Old Fred Astaire movies were on TCM, and we had been watching the beautiful full moon rise. Farm Boss went outside to photograph it. Then I heard what sounded like firecrackers and him yelling for me to get outside the house NOW! Without the cats? I yelled but went out.
So there I stood wearing only my nightgown and in bare feet in our new garden asking him why the heck I should get out and repeating what about the cats. He said our big oak tree was falling on the house, about to destroy it, and it going down was the sound I heard. I can't describe the feeling from hearing that, as it's as if your world is safe and mundane one moment; then the next-- could it all be destroyed?
I knew these oak trees were nothing to take lightly as they are well over a hundred years old, one we know has an invasive rot at its base. At over a hundred feet tall, they have substantial weight. Such trees have killed the unwary when a tree suddenly falls for no known reason other than some crucial dynamics were finally met. I've heard huge crashes along the creek with absolutely no wind and only one possibility-- a mighty tree has fallen. When hiking in the woods or wading up a stream, pay attention to small sounds. They often are precursors.
We had been meaning to get an arborist out here to check on the one with the rot but just hadn't yet done it. We had also been meaning to have some of the big limbs cut off but again it's finding the right person as those limbs are way high and would be dangerous for the wrong person to remove. It takes an expert. We know people who were killed or crippled by a mistake where it comes to big trees.
To make a long story short, I walked down through the vegetable garden, which is on the safe side of the house, broke into our bedroom screen door, got dressed, and did what he said-- went to the trailer where he felt it'd be safe. He brought one of our three cats (the one he could catch) who thought it was a nice, if nerve wracking adventure as he alternately purred and bit me lightly.
About that time, Farm Boss decided the banging sound and his seeing the big tree trunk shaking had actually only been one big limb splitting, and it would be safe to go back inside for the night. Reality is that tree would only take out the kitchen, utility room and maybe his office if it totally split or became uprooted (something oaks can do especially very old ones).
So back to the house we went with the one cat, got the other one in from the garden, fenced yard where she had run when I left the screen ajar for her to get out if she couldn't be caught. The old one, who is on his way out of life, never knew anything happened.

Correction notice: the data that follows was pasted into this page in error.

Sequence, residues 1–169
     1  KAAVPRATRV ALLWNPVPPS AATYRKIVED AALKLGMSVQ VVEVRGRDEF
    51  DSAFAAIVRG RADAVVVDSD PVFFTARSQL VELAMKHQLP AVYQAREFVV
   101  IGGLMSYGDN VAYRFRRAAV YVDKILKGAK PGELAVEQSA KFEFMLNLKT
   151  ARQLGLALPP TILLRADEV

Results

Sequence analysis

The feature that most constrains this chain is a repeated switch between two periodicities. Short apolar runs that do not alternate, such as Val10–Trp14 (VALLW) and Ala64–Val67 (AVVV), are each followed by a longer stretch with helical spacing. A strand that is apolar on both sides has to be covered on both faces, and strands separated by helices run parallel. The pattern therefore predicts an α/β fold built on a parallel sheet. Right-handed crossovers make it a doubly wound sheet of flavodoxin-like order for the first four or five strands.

Farm Boss was pretty sure the tree itself wasn't about to fall but just to sleep better, I asked him to turn the house power off. I figured if the tree did violently split in two or fall toward us, fire would be our biggest danger.
Anyway next morning we called our insurance (boy is that useless for such a thing unless damage to roof and structure amount to over $10,000 which means we should up our deductible to that, i guess) and then calling places who can look at trees for health and with the equipment to remove the biggest limbs-- like the one now laying on our roof.
I have treasured these oaks. I've sat many hours on the deck looking up into the mysteries of their heights. Their beauty never ceases to touch my heart. They are part of the essence of our property here. The house nestles into them with great naturalness and beauty. I have though never underestimated their potential danger. They say watch in the spring that all have the same time leaves first appear as that would be the first warning of a tree about to die.
Not long after we moved here, we heard how these oaks had had metal bands around them back when horses and wagons crossed the creek at the ford near our home. The metal bands had made sawing them down particularly difficult as the bands became part of the inner tree. The trees and this crossing have a history. Living on a pioneer homestead has these aspects.
Their history is important but so is life and letting them be this close to the house (two are twenty feet or less) is something that has to be evaluated seriously. The other aspect is they form a grove which means in a windstorm they protect each other. So take down one or two and what will that mean for the rest?
Interestingly we have had plans to take the trailer on a little Oregon vacation. We have put off leaving for assorted reasons-- consulting work for Farm Boss, family fun, and ranch related responsibilities. If you didn't know, ranches, even the small ones, take a lot to get ready for owner absence. However, if we had been gone when this happened, it would have been a bad thing; so that's a good thing that we were here and can deal with it-- assuming we can get someone with the right skills out here. As for that vacation, it might just get postponed again...
Photos were all taken morning after the limb split. The one above shows the tree with the rot and you can just see the trunk of the one where a limb split and landed on the roof.